By Jon Schroeder

Killeen Daily Herald

Coryell County officials believe the county has an animal control problem. On Nov. 15, they took the first steps toward what they think is a viable solution.

During the meeting Coryell County commissioners decided to draw up a contract between the county and Bell Area Animal Shelter Limited Liability Co.

Coryell County Judge John Firth called the contract a potential "stop-gap measure" to ensure that the county has a short-term storage solution if it doesn't have another place to house animals.

"We are looking at all options," Firth said. Those options are inter-local agreements between Coryell County and the cities of Gatesville and Copperas Cove, contracting with local animal shelters or – on the more expensive end of the spectrum – building a Coryell County facility.

"We owe it to our sheriff, and we owe it to our people," Firth said at the meeting. "We take very seriously the issue of animal control."

But for this fiscal year, some of those possibilities might not play out for financial reasons. Firth said two areas that could cost more than projected when this year's budget was approved are matching federal funding for road and bridge projects and Coryell County's liability for murder trial expenses, which will likely exceed the norm this year.

Because a new building contract could be "in excess of $100,000," as Firth said, it might not pan out until county officials begin putting together next year's budget in March.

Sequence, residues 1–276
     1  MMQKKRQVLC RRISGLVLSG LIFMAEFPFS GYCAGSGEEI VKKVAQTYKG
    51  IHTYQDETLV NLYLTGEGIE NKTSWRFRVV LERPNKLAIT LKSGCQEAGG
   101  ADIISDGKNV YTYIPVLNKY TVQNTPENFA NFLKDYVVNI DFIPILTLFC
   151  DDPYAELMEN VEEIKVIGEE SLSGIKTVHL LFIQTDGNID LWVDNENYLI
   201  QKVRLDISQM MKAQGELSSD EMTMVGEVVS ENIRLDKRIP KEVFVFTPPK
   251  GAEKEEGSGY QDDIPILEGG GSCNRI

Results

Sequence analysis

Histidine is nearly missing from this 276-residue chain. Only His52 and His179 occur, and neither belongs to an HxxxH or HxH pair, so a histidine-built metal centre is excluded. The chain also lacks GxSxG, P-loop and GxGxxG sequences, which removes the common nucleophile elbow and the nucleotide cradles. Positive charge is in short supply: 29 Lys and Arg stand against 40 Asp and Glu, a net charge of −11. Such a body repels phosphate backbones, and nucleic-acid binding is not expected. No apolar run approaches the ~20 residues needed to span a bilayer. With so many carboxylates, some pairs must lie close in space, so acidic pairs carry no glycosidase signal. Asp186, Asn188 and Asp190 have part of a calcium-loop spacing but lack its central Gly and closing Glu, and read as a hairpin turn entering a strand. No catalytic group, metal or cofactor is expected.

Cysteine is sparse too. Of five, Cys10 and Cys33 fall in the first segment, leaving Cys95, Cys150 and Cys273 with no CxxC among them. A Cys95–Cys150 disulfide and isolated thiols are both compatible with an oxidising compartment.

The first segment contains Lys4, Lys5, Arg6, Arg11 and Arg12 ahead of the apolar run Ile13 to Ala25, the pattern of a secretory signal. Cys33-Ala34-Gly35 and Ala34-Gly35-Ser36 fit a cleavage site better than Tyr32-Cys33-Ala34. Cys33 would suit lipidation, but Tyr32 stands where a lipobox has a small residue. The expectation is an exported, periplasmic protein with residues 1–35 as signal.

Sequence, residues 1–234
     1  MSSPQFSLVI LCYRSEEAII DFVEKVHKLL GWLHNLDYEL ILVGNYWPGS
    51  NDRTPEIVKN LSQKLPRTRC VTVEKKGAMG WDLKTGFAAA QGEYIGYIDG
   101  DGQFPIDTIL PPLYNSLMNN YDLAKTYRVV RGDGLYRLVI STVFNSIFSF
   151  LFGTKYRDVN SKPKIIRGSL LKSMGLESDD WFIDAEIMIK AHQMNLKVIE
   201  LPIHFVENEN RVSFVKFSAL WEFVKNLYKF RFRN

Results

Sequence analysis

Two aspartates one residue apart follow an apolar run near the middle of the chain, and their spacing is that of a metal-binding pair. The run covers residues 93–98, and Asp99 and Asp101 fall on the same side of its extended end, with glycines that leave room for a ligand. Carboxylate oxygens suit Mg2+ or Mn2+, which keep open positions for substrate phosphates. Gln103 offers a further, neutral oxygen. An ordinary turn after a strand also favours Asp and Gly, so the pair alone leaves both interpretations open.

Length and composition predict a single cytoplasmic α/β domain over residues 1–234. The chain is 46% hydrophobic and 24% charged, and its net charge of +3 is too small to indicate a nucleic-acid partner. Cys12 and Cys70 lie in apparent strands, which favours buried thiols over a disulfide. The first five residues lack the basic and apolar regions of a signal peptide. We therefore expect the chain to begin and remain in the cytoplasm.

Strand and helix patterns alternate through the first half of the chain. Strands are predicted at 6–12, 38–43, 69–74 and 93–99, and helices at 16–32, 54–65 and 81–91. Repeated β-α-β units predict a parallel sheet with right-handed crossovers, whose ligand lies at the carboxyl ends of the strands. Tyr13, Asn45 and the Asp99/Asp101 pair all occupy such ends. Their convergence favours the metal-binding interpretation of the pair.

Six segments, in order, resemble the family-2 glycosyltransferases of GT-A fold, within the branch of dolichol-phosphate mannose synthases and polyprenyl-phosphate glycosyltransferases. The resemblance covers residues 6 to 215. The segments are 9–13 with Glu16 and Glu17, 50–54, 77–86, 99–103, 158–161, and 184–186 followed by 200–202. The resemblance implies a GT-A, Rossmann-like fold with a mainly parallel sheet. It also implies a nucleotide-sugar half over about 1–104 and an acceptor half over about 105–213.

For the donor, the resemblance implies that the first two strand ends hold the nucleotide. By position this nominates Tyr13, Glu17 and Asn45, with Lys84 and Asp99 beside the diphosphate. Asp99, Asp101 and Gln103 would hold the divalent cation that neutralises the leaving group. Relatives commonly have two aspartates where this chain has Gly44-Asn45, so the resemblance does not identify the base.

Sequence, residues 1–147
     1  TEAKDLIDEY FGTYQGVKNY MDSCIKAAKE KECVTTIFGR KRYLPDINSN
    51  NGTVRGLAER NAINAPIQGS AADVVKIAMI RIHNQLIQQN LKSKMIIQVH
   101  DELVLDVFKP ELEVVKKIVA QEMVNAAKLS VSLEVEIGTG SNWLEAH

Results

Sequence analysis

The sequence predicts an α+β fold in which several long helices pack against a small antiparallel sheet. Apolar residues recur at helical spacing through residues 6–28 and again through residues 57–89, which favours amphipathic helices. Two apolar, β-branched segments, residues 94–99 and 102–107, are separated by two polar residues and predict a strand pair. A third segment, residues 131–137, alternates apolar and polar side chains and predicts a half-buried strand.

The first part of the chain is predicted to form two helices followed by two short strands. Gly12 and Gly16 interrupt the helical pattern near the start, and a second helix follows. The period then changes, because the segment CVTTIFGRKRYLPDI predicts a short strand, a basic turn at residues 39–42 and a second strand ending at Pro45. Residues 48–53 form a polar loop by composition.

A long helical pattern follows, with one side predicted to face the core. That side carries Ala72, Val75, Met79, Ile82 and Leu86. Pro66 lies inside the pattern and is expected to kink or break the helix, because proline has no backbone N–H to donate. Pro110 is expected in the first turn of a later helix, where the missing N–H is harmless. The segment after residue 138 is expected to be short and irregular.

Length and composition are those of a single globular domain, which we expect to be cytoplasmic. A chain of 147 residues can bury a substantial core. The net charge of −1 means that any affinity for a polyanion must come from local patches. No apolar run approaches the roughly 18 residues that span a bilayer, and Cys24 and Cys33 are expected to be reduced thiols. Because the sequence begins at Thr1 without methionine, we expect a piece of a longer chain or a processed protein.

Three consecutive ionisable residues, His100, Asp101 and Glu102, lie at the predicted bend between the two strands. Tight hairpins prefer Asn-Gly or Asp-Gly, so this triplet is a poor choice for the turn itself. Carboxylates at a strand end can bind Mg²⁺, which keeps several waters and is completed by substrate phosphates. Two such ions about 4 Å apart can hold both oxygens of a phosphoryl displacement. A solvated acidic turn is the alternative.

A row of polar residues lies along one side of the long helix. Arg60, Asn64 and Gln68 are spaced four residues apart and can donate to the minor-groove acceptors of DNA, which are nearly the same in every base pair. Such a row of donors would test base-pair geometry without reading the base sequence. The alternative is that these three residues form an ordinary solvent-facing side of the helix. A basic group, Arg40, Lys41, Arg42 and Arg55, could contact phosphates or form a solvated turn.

In addition to working on the contract with Bell Area Animal Shelter LLC, Coryell County has entered informal discussions with Copperas Cove about adding on to a facility there.

"One viable option is to provide county resources for the construction of a new building at their shelter," Firth said. "The question becomes, 'Can we afford it on our current budget?'"

Firth said aggressive domesticated animals and feral animals increasingly are becoming a problem in the county.

"The commissioners court has been addressing this issue off and on for some time," he said.

Coryell County Sheriff Johnny Burks "doesn't have the resources to manage it," Firth said.

Burks, who has attended several recent commissioners court meetings, said he doesn't have the tools to fix coming problems, adding that the cities of Copperas Cove and Gatesville have been helpful in the past, providing housing for captured animals using per-animal fees.

In addition, the county has turned in the past to veterinarians, but those services are becoming harder to come by because by taking in aggressive animals, particularly pit bulls, clinic owners can hurt their businesses.

Burks said in an October meeting of the court that the county received about 10 "cattle calls" the weekend before, asking law enforcement officials to come out and deal with problems with wandering animals.

County Attorney Brandon Belt said that with new laws in place, it's only a matter of time before law enforcement agencies catch someone with about "20 pit bulls on chains in someone's backyard."

"We've been putting off this problem for some time – by being lucky," he said, noting that in cases involving pit bulls within the county so far, owners have generally been cooperative, working with veterinarians to deal with their animals properly.

"What we're concerned about is a place to go with aggressive animals," Burks said.

Contact Jon Schroeder at or call (254) 547-0428

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